Set Up a Replenishment Program

Brands with a strong knowledge of their customers can tap into replenishment marketing strategies and sell to customers when the products they bought are likely to run out or wear out.

Chewy has mastered this example. The online pet store will resend food or cat litter weekly or monthly, depending on when you set the frequency. This way customers never need to shop anywhere else and Chewy can guarantee a certain amount of income in the future.

Every business has its own buying cycle. Knowing when your customers need to return can help you target them with post-purchase email engagement or coupons to keep them loyal to your brand.

Grow Your Profit Margins With Upsells

Once a customer completes a purchase, look for upsells or add-ons that they may find useful. These could be additional accessories, services, or improvements to the experience that they just purchased.

Delta encourages customers to upgrade their tickets to First Class or Comfort+. When a customer checks their departure time or flight information, they see this upsell promotion. Instead of selling a new product, Delta is promoting an add-on that gives more value to the customer while making the company more money than a free upgrade would.

Tap Into Social Media Engagement

Brands that are looking to grow their customer loyalty can use social media to continue discussions around product use. This tactic is especially valuable for lifestyle brands that are marketing to specific hobbyists or users.

There are two strong examples of this you can tweak to fit your own brand. The first is Barrel Bag, which creates bags to collect ocean waste and other litter. Customers are encouraged to show off their haul using the hashtag #barrelbaghaul, creating a community of people who won’t walk past trash. You might not think you’re doing much by picking up a candy wrapper, but together with the social media community, participants become part of a greater cause.

The second example is Misfits Market, which “rescues” ugly produce and ships it to consumers as a subscription box. Several Misfits groups have popped up on Facebook where people show off the product they received and ask for recipes or ideas. This ensures the product stays at the top of their minds.

If you can engage customers on social media after they purchase, you can set them up for future purchases and brand loyalty.

Improve Your Refund and Return Policies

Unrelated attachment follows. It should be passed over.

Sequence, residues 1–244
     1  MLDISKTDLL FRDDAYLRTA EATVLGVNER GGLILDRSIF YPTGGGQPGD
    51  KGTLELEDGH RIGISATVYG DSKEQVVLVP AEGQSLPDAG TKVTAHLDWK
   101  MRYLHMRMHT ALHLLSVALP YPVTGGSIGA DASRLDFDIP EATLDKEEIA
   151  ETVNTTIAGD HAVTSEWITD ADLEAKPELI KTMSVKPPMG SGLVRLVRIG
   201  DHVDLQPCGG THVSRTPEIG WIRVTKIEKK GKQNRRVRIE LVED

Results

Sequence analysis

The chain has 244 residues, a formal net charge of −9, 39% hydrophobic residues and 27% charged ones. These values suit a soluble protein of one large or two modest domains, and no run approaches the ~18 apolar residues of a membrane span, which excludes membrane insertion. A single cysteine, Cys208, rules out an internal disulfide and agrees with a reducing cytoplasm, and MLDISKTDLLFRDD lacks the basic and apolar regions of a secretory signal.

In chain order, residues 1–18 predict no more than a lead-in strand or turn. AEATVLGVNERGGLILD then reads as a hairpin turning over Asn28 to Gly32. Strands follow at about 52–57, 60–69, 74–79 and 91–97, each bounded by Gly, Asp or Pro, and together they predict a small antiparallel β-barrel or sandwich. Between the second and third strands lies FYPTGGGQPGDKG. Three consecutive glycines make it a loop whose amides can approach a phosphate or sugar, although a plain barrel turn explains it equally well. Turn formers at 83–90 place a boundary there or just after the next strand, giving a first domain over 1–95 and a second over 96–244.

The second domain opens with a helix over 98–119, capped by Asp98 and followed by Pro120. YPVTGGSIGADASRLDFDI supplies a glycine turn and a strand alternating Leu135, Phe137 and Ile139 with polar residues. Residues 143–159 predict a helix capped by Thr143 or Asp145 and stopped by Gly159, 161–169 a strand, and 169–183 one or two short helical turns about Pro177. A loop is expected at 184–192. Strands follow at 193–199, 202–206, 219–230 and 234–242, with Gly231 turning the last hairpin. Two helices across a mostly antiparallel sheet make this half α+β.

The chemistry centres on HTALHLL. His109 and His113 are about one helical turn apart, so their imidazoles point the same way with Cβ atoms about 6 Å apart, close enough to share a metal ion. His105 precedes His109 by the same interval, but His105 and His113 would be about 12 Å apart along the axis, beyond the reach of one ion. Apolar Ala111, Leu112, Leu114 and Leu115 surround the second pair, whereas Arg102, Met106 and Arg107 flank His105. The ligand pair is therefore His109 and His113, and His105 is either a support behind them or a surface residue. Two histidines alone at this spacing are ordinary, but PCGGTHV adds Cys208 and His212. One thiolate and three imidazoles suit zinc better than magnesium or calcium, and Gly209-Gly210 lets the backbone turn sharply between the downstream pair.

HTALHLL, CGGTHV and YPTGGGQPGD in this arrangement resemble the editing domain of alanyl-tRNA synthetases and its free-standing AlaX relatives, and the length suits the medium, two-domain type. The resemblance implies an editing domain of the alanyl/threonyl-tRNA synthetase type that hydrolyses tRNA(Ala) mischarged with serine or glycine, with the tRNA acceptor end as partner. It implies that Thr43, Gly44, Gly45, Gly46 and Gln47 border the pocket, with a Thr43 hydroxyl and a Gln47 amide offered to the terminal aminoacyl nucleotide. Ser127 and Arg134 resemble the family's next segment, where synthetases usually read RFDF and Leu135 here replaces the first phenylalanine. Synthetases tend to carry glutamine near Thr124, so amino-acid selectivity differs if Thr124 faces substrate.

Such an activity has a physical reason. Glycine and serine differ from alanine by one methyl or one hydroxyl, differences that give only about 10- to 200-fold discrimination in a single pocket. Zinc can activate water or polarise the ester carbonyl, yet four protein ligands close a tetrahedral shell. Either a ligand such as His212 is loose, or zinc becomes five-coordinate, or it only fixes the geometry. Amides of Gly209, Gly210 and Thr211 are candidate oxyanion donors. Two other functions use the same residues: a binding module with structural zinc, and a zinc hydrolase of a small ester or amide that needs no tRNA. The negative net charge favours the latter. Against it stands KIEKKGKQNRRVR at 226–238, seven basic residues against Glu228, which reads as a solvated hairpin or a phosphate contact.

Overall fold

Your return policy can make or break customer loyalty. If your customers feel like your refund policy is restrictive or difficult to navigate, then they are less likely to risk buying a product from you again.

In 2019, Kohl’s showed that setting up a good return policy can also be a smart marketing tactic. Customers can return Amazon items to Kohl’s and the retailer will pack and ship the item. This saves people time while bringing more customers through the door. If you need shoes for a job interview but the ones you ordered on Amazon don’t fit, you can pick up a pair at Kohl’s when you return your Amazon order.

Consider the barriers you can remove from your return policies to engage customers and maintain a positive brand experience.

Help Customers Through Content Marketing

If you have a large buying cycle or offer quality, big-ticket items, then your post-purchase activity might focus on maintenance and care. How should customers care for the item they just bought from you? What are the additional ways they can use it? If your patrons are in need of this information, isn’t it better that they find the answers to their questions from you?

Whether through email, blog posts or social media posts, share answers to FAQs and invaluable tips to nurture goodwill amongst your audience. The more value your customers get from your business, the more likely they are to use and recommend you to others in the future.

Reward Shoppers Through Loyalty Programs

If you want to engage new customers and increase the chances that they return, consider marketing your loyalty program. Loyal customers visit your business more and spend more on average. In fact, repeat customers spend an average of 67% more when they have more than two years of loyalty with the brand.

Look for ways to build loyalty through personal connections or rewards points. You may offer gifts to loyal customers or remember birthdays to show your appreciation.

If your loyal customers haven’t visited your business in a while, you can also use your email campaigns to bring them back with a discount or reminder email.

Use Post-Purchase Marketing to Improve Your Brand Engagement

If your brand doesn’t have a post-purchase marketing strategy, even to solicit feedback from customers, then your eCommerce business is missing out on huge opportunities. You can use post-purchase engagement to bring customers back to buy or to grow the community of people who love your brand. Repeat customers are often necessary to achieve your brand goals and vision, and the activities listed here are a great place to start.

To learn more about lifecycle marketing within eCommerce and how it can drive growth in your business, contact Trinity for a free 30-minute strategy session.